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Research Presentation Arts & Humanities

Boys Love in Latin America: The Migration of Aesthetics in Contemporary Graphic Narrative

Presentation By Camila Gutierrez Fuentes


In this piece, I examine the appearance of Japanese Boys Love tropes (BL) in Latin American comics about sexual alterity, to show how the aesthetics of graphic narrative operate in the realm of World Literatures. Using the methodology of visual analysis, first, I typify some of the iconographic language of BL, connecting it to girls’ print culture in Taisho and early Showa Japan. Second, I examine the work of Pía Prado-Bley, a Chilean artist who borrows Japanese comics’ iconographic language to draw same-sex love scenarios in historically censored spaces such as saltpeter miners’ protest and massacre in 1907 Iquique, Chile. Through visual analyses, I explain how the author’s strategic use of Japanese homo-romantic iconography inserts her pieces in a global literary network, as her visual/narrative tropes are globally recognized by BL-reading audiences. To conclude, I discuss Franco Moretti’s views on evolving genre morphologies to address how Latin American Boys Love comics unsettle so-called “generic” categories in Comics Studies (e.g., manga, comics, tebeo and historieta). The importance of this work lies in recognizing that the medium of graphic narrative facilitates a transnational flow of genres not unlike the novel’s, while also adding a visuality where there has not been one. As a result, I argue that these comics integrate the local microcosm of Latin America into the global cultural of exchange of Boys Love imagery, adding a multimedia layer to David Damrosch’s ground-setting views on “glocal literature” as World Literature.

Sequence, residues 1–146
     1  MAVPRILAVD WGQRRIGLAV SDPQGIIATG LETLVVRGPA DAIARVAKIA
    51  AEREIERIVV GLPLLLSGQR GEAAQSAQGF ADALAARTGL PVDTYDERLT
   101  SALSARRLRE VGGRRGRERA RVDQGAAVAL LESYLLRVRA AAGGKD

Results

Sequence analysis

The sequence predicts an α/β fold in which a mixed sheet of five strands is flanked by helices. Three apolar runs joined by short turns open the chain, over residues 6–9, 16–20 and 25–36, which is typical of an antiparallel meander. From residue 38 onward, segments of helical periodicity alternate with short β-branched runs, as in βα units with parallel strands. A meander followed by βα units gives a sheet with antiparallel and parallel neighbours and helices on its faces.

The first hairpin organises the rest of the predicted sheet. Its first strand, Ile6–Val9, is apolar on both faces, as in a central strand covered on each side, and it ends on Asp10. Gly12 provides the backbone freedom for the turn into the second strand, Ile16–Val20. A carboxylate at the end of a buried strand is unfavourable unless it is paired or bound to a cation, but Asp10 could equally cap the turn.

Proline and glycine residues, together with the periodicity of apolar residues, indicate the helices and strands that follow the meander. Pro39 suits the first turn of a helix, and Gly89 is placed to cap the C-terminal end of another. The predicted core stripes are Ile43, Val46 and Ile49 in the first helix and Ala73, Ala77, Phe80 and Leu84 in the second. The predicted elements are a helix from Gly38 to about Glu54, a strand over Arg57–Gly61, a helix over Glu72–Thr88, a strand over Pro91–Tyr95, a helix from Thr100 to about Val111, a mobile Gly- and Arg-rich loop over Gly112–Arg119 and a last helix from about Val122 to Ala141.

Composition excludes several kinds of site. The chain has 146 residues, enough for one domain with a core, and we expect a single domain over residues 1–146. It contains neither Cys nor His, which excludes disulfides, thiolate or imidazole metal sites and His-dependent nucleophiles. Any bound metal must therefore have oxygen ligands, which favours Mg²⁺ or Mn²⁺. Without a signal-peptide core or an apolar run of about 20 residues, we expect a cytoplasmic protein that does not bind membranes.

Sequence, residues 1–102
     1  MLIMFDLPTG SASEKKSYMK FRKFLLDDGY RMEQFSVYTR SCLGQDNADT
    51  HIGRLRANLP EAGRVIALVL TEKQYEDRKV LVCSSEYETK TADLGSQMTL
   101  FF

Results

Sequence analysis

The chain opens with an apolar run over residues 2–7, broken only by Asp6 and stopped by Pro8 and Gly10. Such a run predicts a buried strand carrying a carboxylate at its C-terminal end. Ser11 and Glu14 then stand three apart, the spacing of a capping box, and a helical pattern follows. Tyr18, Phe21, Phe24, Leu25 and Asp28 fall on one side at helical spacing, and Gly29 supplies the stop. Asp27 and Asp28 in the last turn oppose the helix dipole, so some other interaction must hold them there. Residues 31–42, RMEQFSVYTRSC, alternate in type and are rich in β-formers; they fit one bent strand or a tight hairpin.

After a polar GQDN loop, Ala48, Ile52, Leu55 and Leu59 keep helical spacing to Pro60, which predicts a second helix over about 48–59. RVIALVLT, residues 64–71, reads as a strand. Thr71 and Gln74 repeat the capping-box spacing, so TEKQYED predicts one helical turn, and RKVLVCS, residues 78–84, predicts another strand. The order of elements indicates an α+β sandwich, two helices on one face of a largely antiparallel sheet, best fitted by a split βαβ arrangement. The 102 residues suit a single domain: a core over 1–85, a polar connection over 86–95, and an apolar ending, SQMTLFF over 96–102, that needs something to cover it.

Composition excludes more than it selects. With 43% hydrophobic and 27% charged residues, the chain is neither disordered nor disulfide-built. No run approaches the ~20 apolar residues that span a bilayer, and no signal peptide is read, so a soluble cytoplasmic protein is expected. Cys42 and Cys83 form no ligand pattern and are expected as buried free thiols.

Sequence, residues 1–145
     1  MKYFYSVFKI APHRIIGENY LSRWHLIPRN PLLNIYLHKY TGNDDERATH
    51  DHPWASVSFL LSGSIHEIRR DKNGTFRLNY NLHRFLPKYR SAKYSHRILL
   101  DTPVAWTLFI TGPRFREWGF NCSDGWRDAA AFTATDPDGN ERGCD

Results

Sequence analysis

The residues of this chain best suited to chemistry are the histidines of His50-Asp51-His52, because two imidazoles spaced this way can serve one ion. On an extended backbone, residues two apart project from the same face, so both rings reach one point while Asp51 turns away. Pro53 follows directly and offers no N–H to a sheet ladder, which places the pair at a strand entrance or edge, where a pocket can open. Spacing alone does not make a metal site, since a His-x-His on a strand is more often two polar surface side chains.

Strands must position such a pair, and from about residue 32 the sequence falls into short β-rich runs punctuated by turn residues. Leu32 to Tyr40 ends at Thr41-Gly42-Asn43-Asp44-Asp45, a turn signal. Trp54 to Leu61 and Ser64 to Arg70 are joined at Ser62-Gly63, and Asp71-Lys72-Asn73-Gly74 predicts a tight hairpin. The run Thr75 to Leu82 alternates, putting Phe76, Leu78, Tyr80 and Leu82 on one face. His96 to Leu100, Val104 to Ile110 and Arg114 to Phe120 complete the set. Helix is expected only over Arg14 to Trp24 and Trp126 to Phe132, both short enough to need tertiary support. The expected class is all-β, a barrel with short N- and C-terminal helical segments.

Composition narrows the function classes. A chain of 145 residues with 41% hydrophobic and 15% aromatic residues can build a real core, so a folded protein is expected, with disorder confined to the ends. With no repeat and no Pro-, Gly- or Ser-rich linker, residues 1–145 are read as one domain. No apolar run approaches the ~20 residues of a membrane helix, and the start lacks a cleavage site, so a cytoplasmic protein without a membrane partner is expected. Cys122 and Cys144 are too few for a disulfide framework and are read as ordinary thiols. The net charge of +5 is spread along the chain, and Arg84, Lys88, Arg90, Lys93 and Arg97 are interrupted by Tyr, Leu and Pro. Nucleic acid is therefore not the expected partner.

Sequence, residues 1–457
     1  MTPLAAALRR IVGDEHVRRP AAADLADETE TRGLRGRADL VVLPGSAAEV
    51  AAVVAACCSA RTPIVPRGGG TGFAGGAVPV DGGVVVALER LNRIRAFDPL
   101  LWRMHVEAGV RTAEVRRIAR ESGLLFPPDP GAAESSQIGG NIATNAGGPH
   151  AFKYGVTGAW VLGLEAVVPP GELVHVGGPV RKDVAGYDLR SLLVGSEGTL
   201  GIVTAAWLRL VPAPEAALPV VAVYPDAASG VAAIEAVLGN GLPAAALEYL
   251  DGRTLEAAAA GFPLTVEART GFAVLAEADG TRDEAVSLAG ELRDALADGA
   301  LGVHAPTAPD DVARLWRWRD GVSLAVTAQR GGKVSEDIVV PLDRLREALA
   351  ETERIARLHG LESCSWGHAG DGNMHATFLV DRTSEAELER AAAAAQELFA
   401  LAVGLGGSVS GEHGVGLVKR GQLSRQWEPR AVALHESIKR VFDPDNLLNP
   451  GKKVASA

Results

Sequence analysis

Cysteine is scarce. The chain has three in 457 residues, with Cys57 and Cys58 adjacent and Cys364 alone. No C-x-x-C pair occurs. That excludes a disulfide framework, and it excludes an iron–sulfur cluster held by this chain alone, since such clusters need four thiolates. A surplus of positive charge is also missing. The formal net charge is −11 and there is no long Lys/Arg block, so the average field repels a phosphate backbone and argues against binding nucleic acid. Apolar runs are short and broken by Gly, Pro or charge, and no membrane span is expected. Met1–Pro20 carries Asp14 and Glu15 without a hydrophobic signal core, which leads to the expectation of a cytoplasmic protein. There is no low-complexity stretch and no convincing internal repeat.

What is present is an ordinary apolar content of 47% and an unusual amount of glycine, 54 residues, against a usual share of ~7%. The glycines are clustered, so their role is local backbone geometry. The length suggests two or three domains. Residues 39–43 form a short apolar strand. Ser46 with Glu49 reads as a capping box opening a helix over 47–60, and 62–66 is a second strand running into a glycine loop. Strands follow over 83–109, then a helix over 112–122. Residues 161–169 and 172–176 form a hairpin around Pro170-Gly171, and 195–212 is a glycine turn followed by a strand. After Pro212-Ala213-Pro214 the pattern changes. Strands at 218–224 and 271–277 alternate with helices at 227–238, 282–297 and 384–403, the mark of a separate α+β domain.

Recording of Oral Presentation

Slides from Oral Presentation


This work is relevant to the field of comics studies because it subverts misconceptions regarding so-called "comics genres", which in reality are descriptors of regional publishing styles. The work differentiates between visual-textual generic tropes, and the geographical origin of those tropes; dissociating one from the other. The work also introduces queer comics from Latin America into the realm of graphic narrative as world literature. This innovates in that the "global" or "worldly" elements are found to be encoded on the page, rather than dependent on translation, circulation, or canonic validation.


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